The Veto-Avoidance Theory of Board Game Design

The Veto-Avoidance Theory of Board Game Design

Nick Bentley Nick Bentley

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Hi Advisors,
Welcome to this week's behind-the-scenes post. 
Our recent behind-the-scenes posts have been about our work on a new edition of our game Trekking the World.
A reader replied to one last week, wondering if we focus too much on trying to make everyone happy. 
It's a good question, because we consciously try to make games satisfying many tastes.
Our reasoning has to do with the kind of products board games are. But is this reasoning sound? 

The Gauntlet of Vetos

A key feature of multiplayer board games:
Multiple people must agree to play a game for it to be used at all.
Not all products are like this. For example you can enjoy music, books, and shoes without anyone else's participation.
Opinions about any one game tend to vary a lot, which makes it hard to find a game everyone wants to play.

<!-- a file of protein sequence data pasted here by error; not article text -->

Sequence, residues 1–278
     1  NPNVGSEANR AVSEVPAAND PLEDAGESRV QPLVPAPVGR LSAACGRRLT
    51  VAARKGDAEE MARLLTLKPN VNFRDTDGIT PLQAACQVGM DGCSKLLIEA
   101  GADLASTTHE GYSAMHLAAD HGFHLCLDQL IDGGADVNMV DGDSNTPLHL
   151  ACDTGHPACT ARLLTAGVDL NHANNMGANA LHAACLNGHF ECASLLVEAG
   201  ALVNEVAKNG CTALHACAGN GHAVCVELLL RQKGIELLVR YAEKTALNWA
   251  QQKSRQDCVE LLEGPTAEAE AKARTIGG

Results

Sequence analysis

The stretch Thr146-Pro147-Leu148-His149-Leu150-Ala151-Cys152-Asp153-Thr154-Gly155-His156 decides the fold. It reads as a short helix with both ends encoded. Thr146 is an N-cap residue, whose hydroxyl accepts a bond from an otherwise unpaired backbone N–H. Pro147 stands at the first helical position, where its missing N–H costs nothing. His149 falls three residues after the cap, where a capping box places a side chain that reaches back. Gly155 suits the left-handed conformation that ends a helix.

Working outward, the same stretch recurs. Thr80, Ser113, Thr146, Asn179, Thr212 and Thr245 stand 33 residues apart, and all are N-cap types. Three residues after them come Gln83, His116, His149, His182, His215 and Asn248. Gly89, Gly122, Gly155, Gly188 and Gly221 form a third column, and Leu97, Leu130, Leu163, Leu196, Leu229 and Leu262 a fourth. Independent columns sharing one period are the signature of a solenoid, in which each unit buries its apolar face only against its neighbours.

Therefore (goes our theory), if we want to make games that do the basic job of getting to the table, it helps if they satisfy disparate tastes.
It's hard to do because opinions about any given game vary wildly.
I often interview our customers, and they'll often talk about wanting to play a given game, but being unable, because a friend or family member doesn't want to. 
It's like games are constantly being vetoed.
The games that make it through this gauntlet tend to be ones no one strongly dislikes.
It often only takes one veto for a game to remain unplayed, or one anticipated veto to never be purchased at all!
So that's why we make games the way we do.
If there are errors in our thinking, we'd like to find out sooner rather than later! What do you think?
Please don't hesitate to share your opinions in a reply, positive or negative. I read all your replies (and reply when time permits) and it helps me understand what we're doing right and wrong.
Nick Bentley,
President, Underdog Games Studio

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